Review: Scythe by Neal Shusterman

Review: Scythe by Neal Shusterman

Siiiiigh.

I really wanted to like this book a lot. I really did. I have had it on my shelf since the month it was released a few years ago in 2016, silently passing it over with the hopes that I would be holding off for something amazing. Then, when Thunderhead, the second book in the series was released a few months ago, I was finally motivated to read Scythe and figure out what it was that everyone was raving about it.

Unfortunately, even after reading the book, I still do not see what the fuss is all about. Let’s dive into my review about the things that I liked about the book and the things I did not.

Things I Liked About Scythe

There were a few things I did like about this book. The plot itself was a pretty original idea (kind of… see below) and I was really intrigued by the idea of a “perfect society.” I also really liked that there were a lot of themes of compassion and doing what is right by your fellow man even when what you are doing is difficult. I also appreciated the pacing of the book. It seemed like something new was happening with every chapter and there were a few twists that I didn’t see coming!

Things I Didn’t Like About Scythe

Alright, where do I begin here? I think it might be easier if I make a bulleted list.

  • This story is a bit tired. Two talented teens (one boy, one girl, because obviously we need to stick to that heteronormativity), they train under the direction of a powerful figure, they discover the government system they are fighting for is flawed, they work hard to stick it to the man, they fall in love, but oh man it’s forbidden love uh ohhh, and THEN of course something occurs that tears a seam in the world as we know it. Sound familiar (Hunger Games, Divergent, The Host, Shadow & Bone, etc. etc. etc. etc.)
  • The characters are so so shallow. While the plot is progressing and we are learning more about the characters themselves, I never truly felt like I knew or connected to either of the main characters. I realized this was the case when something happened where one of them could potentially die and I just really did not care. I was not invested in their lives at all. I have a really hard time reading books whose characters I can’t connect with, no matter how fast the plot was moving. I will say that Rowan (the main male character) does experience some emotional changes that we get to see, but it still didn’t make me like him more or less.
  • SPOILER ALERT: The two main characters, Citra and Rowan, fall in love. But we never find out why or how. You can see throughout the novel that there may be some hints of affection, but it goes from 0-100 REAL quick. There is almost NO reason for me to want to invest in their relationship or even care that they are “in love.” It’s almost creepy?
  • The violence in this book is incredibly graphic. Normally I can handle a little gore, but when it comes to this book, I had a really hard time being okay with and processing the fact that there were innocent people being killed for the sake of “world balance.” There was even a scene where a family with a father, mother, and children were eating at the dinner table and the Scythes showed up, took him away from his family at the table and lead him into the bedroom down the hall to “glean” him. This was incredibly discomforting to me and made me really anxious to think about. Not only that, but if the person who is being “gleaned” resists in any way whatsoever, their entire family will be hunted down and disposed of. It’s horribly violent and deeply disturbing. Some of the methods of gleaning were also incredibly immoral and I really just didn’t see the point of how grotesque some of the methods were. I was really disappointed in that element.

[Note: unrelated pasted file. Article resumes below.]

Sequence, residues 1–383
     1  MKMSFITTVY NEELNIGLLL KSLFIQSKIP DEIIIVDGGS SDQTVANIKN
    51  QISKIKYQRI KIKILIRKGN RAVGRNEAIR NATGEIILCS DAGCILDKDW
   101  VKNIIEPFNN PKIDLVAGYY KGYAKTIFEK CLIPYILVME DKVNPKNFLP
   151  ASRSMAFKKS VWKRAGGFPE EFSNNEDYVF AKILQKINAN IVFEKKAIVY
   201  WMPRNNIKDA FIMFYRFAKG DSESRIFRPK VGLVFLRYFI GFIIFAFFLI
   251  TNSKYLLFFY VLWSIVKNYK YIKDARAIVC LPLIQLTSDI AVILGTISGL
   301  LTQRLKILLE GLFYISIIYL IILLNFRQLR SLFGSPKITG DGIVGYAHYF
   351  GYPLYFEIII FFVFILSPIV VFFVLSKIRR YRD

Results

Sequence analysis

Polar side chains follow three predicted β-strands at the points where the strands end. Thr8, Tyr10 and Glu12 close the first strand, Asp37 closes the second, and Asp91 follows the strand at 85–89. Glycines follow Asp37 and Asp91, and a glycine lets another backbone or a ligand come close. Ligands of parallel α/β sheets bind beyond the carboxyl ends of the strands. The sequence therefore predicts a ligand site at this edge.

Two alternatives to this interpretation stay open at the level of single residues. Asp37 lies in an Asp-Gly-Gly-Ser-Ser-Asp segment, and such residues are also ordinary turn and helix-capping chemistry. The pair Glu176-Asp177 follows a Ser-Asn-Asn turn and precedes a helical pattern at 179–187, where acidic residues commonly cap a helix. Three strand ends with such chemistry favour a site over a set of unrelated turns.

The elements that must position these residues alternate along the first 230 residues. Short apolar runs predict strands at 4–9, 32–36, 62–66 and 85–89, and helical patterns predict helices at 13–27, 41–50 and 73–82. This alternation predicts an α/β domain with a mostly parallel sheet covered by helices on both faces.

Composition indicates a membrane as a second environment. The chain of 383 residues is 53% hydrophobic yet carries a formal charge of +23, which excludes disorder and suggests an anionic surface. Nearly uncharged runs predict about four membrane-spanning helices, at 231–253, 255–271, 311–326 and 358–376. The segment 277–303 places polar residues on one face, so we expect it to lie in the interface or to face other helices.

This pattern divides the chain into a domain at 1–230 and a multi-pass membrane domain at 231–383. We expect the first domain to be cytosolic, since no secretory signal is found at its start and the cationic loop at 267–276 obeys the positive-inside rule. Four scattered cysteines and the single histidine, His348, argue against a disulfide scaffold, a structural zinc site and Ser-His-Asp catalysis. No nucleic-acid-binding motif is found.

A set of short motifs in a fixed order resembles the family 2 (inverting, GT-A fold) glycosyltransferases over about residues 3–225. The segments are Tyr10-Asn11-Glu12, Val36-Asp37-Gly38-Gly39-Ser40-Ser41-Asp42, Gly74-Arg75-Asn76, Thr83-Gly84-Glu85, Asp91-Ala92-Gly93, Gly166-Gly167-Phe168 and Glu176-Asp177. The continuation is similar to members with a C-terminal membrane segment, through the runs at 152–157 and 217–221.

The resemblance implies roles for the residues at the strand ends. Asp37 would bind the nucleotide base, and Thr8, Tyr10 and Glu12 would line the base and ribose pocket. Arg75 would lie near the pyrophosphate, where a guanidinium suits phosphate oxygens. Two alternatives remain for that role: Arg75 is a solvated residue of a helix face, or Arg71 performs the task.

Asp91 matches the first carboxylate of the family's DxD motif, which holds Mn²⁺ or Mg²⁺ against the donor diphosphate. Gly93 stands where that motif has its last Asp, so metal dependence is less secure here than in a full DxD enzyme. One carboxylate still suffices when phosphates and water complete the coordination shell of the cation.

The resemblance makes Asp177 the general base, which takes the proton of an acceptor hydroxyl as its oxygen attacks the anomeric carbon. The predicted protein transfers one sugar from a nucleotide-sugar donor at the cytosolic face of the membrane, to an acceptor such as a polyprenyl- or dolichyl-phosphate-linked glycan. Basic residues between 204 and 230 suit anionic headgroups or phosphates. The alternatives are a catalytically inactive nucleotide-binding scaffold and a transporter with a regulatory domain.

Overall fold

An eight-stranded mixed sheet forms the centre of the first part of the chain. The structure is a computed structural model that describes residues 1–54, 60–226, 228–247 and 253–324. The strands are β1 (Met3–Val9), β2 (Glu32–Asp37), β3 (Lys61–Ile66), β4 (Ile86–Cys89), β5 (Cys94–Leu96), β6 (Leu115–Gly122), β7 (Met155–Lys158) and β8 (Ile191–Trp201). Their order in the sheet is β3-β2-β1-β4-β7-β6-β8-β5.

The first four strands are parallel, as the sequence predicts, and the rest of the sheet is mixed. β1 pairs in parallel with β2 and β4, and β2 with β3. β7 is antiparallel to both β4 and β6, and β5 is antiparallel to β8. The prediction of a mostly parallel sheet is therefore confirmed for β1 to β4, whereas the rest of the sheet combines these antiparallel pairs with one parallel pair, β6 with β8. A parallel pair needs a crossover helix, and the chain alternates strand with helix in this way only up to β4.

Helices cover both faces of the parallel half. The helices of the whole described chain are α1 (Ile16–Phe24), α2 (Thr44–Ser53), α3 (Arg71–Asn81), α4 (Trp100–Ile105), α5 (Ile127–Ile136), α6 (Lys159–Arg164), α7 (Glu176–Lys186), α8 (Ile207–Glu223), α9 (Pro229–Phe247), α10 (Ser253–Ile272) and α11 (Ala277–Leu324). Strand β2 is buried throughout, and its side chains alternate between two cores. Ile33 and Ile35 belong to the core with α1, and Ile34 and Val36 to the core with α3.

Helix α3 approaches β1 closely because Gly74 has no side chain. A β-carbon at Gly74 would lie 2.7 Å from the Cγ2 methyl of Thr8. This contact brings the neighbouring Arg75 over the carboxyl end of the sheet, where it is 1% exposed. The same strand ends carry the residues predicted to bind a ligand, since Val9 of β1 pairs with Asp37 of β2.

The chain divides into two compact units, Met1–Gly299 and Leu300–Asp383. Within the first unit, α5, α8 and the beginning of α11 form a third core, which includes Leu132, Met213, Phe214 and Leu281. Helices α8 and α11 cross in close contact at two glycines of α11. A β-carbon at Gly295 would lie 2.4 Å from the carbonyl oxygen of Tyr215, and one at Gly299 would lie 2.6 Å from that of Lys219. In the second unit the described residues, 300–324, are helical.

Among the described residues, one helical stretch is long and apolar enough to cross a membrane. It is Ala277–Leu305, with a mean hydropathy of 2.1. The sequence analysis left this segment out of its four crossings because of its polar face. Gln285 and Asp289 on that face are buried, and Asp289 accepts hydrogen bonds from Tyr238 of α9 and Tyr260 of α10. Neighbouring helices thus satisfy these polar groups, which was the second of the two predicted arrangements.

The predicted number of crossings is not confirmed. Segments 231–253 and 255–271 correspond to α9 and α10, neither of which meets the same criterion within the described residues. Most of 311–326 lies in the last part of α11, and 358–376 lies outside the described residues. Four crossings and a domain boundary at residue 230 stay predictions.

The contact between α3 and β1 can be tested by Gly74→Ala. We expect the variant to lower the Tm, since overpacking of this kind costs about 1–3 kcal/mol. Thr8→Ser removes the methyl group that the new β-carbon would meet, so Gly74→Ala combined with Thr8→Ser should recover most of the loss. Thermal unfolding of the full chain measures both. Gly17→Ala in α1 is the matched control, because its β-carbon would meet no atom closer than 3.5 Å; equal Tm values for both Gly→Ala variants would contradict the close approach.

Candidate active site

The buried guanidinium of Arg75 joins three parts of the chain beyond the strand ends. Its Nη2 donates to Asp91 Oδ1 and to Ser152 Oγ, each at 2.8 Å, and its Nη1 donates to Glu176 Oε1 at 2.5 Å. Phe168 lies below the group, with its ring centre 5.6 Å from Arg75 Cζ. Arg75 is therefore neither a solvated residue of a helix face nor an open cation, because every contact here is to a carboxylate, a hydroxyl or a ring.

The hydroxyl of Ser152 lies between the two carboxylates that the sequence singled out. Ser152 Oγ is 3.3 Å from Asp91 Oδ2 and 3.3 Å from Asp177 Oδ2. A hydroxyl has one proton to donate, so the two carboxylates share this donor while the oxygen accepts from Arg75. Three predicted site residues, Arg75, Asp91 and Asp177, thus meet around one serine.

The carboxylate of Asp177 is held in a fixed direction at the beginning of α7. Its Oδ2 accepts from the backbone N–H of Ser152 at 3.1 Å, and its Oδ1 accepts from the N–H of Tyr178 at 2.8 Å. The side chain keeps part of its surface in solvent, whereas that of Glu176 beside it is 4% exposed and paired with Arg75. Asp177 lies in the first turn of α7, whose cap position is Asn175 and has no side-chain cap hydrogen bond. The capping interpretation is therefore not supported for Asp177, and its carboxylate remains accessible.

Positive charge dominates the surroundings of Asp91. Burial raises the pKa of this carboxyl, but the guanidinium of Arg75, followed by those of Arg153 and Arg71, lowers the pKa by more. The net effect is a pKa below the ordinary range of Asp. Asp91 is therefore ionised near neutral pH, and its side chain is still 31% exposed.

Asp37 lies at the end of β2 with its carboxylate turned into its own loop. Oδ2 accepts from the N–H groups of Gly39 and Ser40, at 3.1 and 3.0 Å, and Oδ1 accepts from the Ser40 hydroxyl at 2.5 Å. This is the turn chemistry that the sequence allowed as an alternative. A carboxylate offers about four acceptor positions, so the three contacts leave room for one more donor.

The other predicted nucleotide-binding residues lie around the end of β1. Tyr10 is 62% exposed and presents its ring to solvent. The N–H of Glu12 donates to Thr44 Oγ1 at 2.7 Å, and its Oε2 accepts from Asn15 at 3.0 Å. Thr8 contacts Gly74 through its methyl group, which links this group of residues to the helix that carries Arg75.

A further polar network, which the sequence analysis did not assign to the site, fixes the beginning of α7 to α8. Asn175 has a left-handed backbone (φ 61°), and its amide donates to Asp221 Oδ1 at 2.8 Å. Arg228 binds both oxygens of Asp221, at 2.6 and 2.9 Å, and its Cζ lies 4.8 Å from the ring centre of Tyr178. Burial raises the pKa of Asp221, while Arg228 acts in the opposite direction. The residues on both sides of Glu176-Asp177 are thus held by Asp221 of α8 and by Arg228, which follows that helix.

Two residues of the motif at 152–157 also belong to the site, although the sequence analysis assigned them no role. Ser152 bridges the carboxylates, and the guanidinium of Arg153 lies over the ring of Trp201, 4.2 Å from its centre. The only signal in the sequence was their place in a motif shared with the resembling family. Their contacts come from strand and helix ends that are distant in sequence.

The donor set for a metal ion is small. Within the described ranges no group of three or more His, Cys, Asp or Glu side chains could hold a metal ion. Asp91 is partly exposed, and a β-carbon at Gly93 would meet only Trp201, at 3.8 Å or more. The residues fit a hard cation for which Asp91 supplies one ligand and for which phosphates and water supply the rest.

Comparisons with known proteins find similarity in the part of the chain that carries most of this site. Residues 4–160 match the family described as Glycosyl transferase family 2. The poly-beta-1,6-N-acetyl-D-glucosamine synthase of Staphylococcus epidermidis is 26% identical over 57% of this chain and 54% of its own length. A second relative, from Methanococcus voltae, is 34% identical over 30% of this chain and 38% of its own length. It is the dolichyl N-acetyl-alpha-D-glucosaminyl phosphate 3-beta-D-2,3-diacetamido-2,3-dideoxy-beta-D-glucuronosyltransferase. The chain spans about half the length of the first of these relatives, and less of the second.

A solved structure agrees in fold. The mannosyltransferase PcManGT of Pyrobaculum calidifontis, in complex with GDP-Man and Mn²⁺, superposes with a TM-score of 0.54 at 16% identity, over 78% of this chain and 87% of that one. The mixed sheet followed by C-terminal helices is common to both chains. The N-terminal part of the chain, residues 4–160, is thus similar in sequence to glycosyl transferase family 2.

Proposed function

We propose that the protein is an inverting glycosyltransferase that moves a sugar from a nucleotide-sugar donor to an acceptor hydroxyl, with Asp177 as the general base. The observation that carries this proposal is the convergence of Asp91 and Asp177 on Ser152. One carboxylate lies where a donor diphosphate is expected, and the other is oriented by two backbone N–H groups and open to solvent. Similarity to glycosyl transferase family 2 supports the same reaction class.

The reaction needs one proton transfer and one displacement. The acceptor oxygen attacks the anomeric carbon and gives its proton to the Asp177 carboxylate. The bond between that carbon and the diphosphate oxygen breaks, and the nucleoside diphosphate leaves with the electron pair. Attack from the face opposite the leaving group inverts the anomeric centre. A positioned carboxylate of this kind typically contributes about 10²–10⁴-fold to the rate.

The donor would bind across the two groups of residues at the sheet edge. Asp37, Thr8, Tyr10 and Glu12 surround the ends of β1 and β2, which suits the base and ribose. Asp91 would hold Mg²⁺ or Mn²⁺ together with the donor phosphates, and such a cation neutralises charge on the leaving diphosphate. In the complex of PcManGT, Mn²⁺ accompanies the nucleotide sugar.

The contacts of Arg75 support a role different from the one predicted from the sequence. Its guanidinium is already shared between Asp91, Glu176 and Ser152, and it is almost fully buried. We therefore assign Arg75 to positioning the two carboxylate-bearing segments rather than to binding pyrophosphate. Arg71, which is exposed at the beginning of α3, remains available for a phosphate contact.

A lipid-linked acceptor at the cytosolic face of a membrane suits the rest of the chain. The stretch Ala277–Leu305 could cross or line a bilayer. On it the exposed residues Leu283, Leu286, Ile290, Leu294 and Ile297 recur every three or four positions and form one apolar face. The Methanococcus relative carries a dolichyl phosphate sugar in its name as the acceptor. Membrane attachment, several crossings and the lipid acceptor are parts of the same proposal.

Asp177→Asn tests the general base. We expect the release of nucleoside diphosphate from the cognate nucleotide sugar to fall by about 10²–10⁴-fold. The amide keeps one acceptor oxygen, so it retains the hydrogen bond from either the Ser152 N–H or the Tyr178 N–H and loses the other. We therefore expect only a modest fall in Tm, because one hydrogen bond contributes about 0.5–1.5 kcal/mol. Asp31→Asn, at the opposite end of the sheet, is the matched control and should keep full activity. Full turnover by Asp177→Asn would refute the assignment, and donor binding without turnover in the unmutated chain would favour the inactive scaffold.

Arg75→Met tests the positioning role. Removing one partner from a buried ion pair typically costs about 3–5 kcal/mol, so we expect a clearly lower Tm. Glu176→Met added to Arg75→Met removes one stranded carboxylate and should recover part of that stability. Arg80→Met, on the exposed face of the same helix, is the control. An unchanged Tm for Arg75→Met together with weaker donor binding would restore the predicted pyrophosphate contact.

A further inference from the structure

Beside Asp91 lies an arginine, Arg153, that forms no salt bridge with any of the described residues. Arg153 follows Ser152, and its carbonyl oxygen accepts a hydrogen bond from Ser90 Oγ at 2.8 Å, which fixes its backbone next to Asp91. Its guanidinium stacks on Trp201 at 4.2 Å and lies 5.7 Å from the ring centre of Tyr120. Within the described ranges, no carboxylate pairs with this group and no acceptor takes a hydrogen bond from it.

That’s about all I have to say about this book. I think I will read the second book just to see if it makes the first book seem any better but I have my doubts.

Overall, I feel like my reading tastes have evolved when it comes to YA fantasy and I have almost impossible standards for YA fantasy to achieve 4 & 5-star ratings. For having read SO much of it in my lifetime, it’s hard for me to excuse the things that I find are lacking in certain books that I have found in others.

I give this book 3/5 stars.

Have you read this book yet? What did you think?

Thanks for reading!

-Alisa

Review: Wintersong by S. Jae-Jones

Review: Wintersong by S. Jae-Jones

I am going to be honest in this review, as I try to be with all of my reviews. This book is either one that people hate or people love. Luckily for me, I LOVED it.

Wintersong follows the story of a girl named Elisabeth (Liesl) who has grown up her entire life hearing fairytale-like stories about “The Goblin King” from her superstitious grandmother. However, her grandmother’s stories turn out to be more than just stories, as a grown-up Liesl starts to remember flashbacks of her childhood and dancing and laughing with this handsome and frightening “Goblin King.” When Liesl’s sister Kathe is lured into the Underground, the Earthy domain of The Goblin King and his minions, Liesl must find a way to save her, but it may cost Liesl something more than she could have ever prepared for.

Look, I understand why so many people have a hard time liking this book. It contains everything that you would think a YA fantasy would contain: A “bland and boring” female main character who has the hots for the mysterious fantasy bad boy, a steamy encounter (or two… or three), and an eventual proclamation of love that changes everything (look, you saw this coming, don’t tell me it’s a spoiler). HOWEVER, there is a special charm in this book that I rarely find in other “typical” fantasy YA novels. The connection that the two main characters have is so much more than just romantic and physical tension and I loved that there was almost a sense of vulnerability between the two of them. They wanted each other, badly, but they were respectful of one another, they understood one another, and Liesl made her boundaries well known to him. It’s also hard to NOT be attracted to someone as flawed and tormented as The Goblin King. While so many male protagonists are “flawed bad boys”, you can’t help but feel empathy for the role that The Goblin King has to play and the weight he has on his shoulders to keep the world from absolute ruin (literally).